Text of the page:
Partners beat bosses. If you tell your people to do things as their boss, the best you can ever hope for is compliance. If you partner with them to serve others, they are far more likely to commit to the work and work product.
Triangle Equities’ Evan Petracca took me through how this mindset shift is changing the way his organization works. Triangle Equities is a family real estate development company. They buy real estate, develop it, and then lease or sell it.
At first, the core group was small. Whether or not people were actually part of the Petracca family, they worked together like a family. They didn’t need to spend a lot of time worrying about how they worked. They just focused on getting the work done and communicated like families do.
As they grew to between 10 and 30 core employees (not counting the various sub-contractors and service providers in their eco-system,) they operated more and more like an extended family. They still knew each other. But it was harder to hear all the voices at the “family” table. They needed more task specialization and internal processes to manage ever more and ever more complex projects.
This all changed as it changes for any organization growing through the 30 person mark. After 30, hierarchy is your friend. You need more leaders to manage discrete groups, functions and projects. Those leaders need to inspire, enable, and empower teams. Empowering requires delegation with direction, resources, bounded authority and accountability.
It was Evan’s approach to accountability that stopped me in my tracks and made me take note.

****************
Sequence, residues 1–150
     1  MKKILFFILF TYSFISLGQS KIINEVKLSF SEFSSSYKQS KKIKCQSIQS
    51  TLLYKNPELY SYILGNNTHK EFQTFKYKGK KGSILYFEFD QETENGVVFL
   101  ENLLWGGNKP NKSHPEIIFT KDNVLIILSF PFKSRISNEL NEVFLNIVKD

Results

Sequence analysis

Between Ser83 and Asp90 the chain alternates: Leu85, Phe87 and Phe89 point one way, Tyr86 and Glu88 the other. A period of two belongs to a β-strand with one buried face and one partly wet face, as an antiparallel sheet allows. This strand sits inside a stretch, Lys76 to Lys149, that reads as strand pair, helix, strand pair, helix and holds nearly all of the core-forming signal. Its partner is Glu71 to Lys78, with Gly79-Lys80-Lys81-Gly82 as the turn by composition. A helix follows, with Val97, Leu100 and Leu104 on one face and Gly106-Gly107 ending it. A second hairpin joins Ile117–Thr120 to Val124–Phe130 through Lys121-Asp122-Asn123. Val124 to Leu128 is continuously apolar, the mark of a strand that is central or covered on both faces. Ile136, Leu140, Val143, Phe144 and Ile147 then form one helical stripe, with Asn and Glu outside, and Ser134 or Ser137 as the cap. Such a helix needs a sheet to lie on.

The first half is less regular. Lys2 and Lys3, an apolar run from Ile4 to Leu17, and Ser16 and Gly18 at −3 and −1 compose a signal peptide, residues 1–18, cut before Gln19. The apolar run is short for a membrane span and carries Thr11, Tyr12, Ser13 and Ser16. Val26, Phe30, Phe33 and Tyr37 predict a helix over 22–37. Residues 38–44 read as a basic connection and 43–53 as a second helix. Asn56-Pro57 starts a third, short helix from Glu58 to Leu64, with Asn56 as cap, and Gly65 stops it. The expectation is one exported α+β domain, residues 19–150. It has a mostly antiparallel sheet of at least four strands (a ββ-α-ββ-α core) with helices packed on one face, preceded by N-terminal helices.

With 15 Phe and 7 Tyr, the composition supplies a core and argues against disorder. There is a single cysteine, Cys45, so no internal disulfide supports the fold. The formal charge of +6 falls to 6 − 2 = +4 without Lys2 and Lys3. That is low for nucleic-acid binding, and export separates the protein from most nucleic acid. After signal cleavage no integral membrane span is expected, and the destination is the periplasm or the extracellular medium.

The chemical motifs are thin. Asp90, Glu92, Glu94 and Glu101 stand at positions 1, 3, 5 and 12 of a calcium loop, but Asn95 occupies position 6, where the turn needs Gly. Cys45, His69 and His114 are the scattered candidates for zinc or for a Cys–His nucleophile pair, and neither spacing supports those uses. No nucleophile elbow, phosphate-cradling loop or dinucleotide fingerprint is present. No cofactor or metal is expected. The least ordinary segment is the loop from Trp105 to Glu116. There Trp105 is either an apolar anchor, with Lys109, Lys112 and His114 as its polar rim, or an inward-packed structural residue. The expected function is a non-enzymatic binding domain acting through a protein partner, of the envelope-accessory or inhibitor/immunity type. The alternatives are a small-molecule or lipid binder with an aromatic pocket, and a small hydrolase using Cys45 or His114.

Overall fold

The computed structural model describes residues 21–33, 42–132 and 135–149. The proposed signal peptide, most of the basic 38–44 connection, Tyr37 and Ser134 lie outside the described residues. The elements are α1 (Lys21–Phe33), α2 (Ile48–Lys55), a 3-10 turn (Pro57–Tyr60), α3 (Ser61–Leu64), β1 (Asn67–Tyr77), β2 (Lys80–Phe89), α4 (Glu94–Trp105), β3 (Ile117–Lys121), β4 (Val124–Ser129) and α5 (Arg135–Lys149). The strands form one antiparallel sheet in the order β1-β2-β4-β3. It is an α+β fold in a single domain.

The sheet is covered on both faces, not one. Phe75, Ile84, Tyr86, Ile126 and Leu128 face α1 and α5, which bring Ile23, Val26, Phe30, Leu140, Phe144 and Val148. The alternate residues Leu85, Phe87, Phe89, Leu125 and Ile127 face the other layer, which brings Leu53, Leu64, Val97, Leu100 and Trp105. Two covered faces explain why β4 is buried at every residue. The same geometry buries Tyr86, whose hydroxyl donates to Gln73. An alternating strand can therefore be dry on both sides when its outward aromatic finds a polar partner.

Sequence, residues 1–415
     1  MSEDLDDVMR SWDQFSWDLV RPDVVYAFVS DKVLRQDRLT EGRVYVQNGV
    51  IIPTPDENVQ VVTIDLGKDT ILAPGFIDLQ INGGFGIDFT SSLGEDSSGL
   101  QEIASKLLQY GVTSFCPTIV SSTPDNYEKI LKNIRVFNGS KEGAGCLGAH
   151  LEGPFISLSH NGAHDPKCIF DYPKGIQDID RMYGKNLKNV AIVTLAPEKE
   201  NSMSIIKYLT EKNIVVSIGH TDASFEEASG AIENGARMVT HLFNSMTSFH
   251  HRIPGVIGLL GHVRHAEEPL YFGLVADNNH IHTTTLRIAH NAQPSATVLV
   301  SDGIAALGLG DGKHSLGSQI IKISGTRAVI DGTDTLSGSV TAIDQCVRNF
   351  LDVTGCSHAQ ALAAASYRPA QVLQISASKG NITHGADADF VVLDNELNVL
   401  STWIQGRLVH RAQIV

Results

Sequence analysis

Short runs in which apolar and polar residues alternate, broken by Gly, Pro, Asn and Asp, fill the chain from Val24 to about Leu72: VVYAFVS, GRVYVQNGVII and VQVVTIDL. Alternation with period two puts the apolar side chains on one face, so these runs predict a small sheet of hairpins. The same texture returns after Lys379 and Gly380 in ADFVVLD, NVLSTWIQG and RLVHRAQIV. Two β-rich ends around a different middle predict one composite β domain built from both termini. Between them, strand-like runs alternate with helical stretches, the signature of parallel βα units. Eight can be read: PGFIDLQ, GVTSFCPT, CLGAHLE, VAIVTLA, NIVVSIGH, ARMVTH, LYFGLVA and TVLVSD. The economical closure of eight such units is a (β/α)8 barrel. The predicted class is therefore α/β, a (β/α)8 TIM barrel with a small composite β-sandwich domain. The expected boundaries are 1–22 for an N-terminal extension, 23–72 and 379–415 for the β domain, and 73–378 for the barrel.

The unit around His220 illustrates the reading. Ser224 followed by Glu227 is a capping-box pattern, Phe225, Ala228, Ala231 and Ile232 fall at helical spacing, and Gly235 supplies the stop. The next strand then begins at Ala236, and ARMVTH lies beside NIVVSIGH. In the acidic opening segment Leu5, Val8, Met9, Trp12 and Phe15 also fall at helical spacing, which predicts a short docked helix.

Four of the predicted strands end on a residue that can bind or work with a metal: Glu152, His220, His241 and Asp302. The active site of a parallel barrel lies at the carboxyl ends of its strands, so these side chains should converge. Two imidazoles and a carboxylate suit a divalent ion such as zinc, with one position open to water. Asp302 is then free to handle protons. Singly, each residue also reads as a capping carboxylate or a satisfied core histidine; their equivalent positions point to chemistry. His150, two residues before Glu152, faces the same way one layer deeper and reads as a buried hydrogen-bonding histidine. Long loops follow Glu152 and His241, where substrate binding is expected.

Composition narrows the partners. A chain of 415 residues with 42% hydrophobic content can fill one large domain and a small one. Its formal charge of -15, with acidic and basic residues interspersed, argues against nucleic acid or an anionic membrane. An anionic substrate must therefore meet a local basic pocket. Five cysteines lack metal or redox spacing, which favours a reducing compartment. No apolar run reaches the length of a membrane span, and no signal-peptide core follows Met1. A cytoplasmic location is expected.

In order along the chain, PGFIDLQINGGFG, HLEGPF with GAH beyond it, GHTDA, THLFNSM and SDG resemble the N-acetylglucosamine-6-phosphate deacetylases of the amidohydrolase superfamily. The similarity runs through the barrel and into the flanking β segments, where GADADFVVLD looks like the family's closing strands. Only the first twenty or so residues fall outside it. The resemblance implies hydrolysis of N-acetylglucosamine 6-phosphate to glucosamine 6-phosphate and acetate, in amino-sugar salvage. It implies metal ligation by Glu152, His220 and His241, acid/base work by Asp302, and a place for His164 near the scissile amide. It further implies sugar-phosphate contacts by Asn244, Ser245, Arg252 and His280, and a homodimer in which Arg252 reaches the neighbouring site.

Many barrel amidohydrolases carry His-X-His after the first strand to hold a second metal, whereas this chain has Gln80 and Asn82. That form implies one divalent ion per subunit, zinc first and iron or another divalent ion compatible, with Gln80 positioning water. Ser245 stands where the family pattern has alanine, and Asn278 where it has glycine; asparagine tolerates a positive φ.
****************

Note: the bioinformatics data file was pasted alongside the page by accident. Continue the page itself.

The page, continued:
Accountability is about when and how people are called to account. What Evan added is thinking about to whom they are called to account.
- If people were called to account to Evan, they would see him as their boss, judge, jury and executioner – leading to exactly the relationship you would expect.
- If they were called to account to each other as self-managed teams, their relationships with Evan would be unclear.
- If they were called to account to their projects’ limited partners, Evan could leverage his experience and resources to help them best serve those limited partners.
Real estate development firms tend to set up their different projects as separate legal entities. This way no one project can bring down the entire firm and different people can invest in discrete projects with different risk/reward ratios as limited partners.
Focusing project leaders in real estate firms on the limited partners’ goals and upping project leaders’ reporting requirements in line with those of the limited partners makes all the sense in the world to almost everyone. When Evan says “It’s not about me. It’s about the limited partners,” people get it. Evan describes this as “a forcing function to improve systems and processes within the company.”
And, as a side benefit, Evan notes, “We are also oftentimes leveraging the experience of the LP. As groups with large dollar amounts of investment capital in various projects, they see a lot more deals than we do, and often times have much broader experience and insights to offer as a result, and suggestions too; they are generally very good at keeping the big picture in mind.”
It works in private equity portfolio companies as well. The most effective private equity operating partners operate not as their portfolio company CEOs’ bosses, but as their partners in creating value for their fund’s limited partners (and customers, communities, collaborators and colleagues.)
It also works in large corporations. In these cases, the “limited partners” aren’t the project investors, fund owners, or corporate shareholders. They are the other key stakeholders in a project’s success. These might include the division or corporate leadership team, internal suppliers and customers, or the like. Don’t over-think or over-prescribe this. It’s a mindset change, not a formal methodology.
Implications for you
Look hard at how you delegate, partnering with those you’re putting in charge and providing them:
- Direction/objectives/desired results/intent
- Resources (human, financial, technical or operational)
- Authority to make tactical decisions within strategic boundaries/guidelines
- Accountability and consequences (standards of performance, time expectations, positive and negative consequences of success and failure) – with a focus on the “limited partners.”